Acharya has punctured the coherence of patriarchy by questioning its redeeming essence in the story of the historical Jesus. An attack on patriarchal logic leads its defenders to exclude the attacker as irrational by definition. Is not the attack on logos or reason the essence of unreason? This is a theme that Irigaray picked up from an otherwise intensely patriarchal philosopher, Martin Heidegger, via Jacques Derrida.
Quote:
What I want to hear is Ehrman admit that the Bible is rife with astrology and that it is based on the vestiges of a pre-historic religious sky-worshiping cult.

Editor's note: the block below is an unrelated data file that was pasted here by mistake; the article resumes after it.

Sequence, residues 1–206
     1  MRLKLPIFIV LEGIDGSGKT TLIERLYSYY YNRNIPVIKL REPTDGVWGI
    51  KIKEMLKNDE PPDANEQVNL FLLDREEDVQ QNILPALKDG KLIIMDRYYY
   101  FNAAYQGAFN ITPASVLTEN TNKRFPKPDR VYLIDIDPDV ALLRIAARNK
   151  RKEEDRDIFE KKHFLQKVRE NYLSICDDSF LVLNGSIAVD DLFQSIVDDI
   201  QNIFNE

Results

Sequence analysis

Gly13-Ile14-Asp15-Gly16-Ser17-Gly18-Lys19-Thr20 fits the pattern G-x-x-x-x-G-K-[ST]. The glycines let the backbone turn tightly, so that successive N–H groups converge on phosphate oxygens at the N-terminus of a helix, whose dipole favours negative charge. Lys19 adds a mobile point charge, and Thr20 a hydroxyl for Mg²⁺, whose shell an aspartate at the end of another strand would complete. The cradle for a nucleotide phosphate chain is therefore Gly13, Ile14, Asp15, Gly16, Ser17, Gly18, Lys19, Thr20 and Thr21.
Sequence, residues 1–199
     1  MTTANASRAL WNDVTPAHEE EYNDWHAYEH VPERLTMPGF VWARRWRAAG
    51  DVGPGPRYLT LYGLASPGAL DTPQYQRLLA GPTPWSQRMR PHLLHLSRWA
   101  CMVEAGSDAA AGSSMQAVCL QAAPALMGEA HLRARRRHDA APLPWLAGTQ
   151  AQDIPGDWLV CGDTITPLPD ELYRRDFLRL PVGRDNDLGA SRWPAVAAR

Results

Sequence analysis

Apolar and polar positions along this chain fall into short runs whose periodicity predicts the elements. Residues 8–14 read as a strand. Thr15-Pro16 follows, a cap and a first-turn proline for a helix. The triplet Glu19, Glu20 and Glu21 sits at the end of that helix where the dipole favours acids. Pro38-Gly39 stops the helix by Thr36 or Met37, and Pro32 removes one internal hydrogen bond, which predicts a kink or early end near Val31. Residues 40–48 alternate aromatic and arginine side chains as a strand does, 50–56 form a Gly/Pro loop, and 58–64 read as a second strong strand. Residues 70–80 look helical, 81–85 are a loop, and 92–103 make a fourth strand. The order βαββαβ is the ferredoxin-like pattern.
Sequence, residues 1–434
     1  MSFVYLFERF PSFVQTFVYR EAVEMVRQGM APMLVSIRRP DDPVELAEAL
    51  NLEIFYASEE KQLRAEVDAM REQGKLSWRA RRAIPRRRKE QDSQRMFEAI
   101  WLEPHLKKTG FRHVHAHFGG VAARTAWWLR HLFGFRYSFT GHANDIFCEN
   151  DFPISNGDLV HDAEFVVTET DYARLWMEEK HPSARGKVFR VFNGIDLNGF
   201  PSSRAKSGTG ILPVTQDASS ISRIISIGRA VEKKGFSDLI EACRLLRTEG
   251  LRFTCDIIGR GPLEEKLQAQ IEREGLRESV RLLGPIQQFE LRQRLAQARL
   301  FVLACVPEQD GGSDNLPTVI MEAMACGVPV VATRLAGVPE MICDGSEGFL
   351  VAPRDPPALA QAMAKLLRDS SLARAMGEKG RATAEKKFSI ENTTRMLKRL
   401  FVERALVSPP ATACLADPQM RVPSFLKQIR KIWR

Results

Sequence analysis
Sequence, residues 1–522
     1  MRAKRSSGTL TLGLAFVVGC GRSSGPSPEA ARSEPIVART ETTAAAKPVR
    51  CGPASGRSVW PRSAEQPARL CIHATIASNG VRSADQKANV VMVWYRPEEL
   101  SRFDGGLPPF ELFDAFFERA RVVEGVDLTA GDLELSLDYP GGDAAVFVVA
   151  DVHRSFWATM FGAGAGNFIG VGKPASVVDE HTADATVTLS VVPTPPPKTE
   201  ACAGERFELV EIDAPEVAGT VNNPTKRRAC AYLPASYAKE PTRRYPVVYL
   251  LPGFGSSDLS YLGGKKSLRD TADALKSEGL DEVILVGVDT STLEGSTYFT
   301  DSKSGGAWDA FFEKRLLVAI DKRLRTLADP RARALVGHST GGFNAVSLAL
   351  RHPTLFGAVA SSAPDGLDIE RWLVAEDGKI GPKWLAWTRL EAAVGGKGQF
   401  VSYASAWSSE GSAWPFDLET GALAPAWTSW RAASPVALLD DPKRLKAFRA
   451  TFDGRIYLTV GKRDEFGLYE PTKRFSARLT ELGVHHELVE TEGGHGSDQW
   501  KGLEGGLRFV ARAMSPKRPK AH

I don't think you are going to see Ehrman agree on this point. Richard Carrier's attack on Freke and Gandy is based precisely on his rejection of this point. Carrier sees that he cannot join the guild brotherhood if he gives credence to such speculation. The evidence is irrelevant: Carrier and Ehrman explode in irrational fury well before anyone gets to discuss evidence with them on this topic.
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I don't see how thinking that there was an actual doomsday preacher named Jesus who is used as a character in ancient wisdom literature detracts from that.